“It is these values I hope to bring to my work on the court,” said Eid, 51, who has two children and is married to Troy Eid, a former U.S. attorney for the District of Colorado.
Before her time on the Colorado Supreme Court, Eid served as a professor at the University of Colorado’s law school, and in 2002 she wrote about a series of U.S. Supreme Court cases and how they could affect the then-nascent administration of President George W. Bush.
“The Court’s message appears to be that the federal government should think twice before it injects federal regulations into a state’s business,” Eid wrote. “While the Court’s audience appears primarily to be Congress, there is no question that the Bush administration is listening as well — as it should.”
While at CU, Eid also served as an adviser to the school’s chapter of the Federalist Society, a legalminded club that advocates for conservative or originalist approach to the law. It was there where Eid met future U.S. Sen. Cory Gardner, a Colorado Republican who could play a critical role in shepherding her nomination through the Senate if Trump picks her.
“I had the privilege of working with Allison Eid while I was a law student at the University of Colorado, and had the opportunity to see firsthand her careful approach to law,” Gardner said in a statement. “Throughout her career, Allison has proven that she is a commonsense jurist who is committed to interpreting the law, not dictating it. The Founders of our nation intended judges to be guardians of the Constitution, and her approach to the law reflects that.”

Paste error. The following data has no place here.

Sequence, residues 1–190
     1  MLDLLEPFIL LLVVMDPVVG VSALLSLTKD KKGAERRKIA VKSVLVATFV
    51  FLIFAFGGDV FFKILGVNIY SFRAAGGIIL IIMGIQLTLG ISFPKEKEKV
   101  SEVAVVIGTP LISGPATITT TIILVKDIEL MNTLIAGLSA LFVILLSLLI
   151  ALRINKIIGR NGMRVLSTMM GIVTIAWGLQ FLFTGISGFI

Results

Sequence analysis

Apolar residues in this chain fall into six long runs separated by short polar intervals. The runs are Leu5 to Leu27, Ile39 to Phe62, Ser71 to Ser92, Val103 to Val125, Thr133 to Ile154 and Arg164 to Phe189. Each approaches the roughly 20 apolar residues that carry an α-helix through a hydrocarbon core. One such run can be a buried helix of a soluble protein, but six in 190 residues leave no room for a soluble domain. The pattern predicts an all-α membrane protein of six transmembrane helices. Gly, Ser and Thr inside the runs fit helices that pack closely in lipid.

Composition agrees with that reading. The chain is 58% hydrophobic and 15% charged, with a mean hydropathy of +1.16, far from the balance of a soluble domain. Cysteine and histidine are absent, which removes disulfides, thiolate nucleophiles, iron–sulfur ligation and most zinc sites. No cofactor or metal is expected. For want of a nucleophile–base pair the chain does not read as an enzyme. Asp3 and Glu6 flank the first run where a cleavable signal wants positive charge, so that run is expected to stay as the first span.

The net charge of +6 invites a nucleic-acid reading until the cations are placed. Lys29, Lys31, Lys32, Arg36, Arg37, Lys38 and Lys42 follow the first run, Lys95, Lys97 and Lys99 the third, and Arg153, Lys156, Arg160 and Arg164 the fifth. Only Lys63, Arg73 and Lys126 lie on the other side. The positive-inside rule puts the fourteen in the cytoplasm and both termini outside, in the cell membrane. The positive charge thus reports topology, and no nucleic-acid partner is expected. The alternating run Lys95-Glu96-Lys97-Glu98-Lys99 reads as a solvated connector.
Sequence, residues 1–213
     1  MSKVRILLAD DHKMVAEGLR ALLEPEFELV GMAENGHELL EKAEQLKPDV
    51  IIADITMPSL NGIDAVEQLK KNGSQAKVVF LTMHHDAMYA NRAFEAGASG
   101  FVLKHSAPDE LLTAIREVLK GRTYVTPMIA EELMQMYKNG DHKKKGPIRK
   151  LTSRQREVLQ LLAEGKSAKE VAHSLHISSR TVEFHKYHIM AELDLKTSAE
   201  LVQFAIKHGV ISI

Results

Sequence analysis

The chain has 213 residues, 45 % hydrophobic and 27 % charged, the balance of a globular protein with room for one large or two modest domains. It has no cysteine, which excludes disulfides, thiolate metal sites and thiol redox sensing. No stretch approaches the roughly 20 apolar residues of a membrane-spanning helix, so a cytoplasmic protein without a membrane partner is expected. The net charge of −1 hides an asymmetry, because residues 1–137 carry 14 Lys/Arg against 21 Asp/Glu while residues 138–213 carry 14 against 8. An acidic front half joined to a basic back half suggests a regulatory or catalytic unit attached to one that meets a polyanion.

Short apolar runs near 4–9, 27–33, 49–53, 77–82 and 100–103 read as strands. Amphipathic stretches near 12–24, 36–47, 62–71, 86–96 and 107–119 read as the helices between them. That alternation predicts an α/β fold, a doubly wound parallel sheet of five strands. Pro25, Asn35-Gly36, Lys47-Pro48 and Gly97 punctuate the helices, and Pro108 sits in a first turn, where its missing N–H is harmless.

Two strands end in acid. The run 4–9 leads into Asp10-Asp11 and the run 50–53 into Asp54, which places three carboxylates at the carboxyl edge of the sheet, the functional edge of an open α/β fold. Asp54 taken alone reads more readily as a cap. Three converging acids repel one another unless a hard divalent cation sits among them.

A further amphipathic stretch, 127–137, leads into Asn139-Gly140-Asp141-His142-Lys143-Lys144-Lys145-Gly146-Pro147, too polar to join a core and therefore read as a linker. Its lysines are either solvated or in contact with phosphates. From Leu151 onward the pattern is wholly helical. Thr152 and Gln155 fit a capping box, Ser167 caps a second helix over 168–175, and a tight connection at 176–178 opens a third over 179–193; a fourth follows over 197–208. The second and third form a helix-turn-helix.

During her decade on the bench, Eid has brought that conservative and constructionist approach to several of the court’s biggest cases.
Last year, she dissented, in part, when the Colorado Supreme Court rejected a school voucher program in Douglas County that many parents planned to use as a way to pay for education at religious institutions.
The court found the effort conflicted with a prohibition on the use of public money for religious schooling, though Eid took issue with that interpretation.
She questioned the validity of that prohibition given its ties to past bigotry against Catholics and their schools. Calling it a “serious error,” she asked whether it was “unenforceable due to possible anti-Catholic bias.”
In another major case, Eid wrote the opinion for the court in striking down a ban on guns at CU campuses — though that unanimous decision is seen by legal scholars as a narrow interpretation of state law and not a broad foray into the question of whether the Second Amendment allows students to arm themselves on campus.
“That was a very mainline case … not a constitutional case,” said Richard Collins, a professor at the CU Law School. “I don’t think that tells you much about her attitude on gun issues.”
Eid also wrote the opinion of the court in a 2015 case that affirmed employers can fire their workers for marijuana use, as the drug is still illegal at the federal level.
The “term ‘lawful’ refers only to those activities that are lawful under both state and federal law,” she wrote in another unanimous opinion.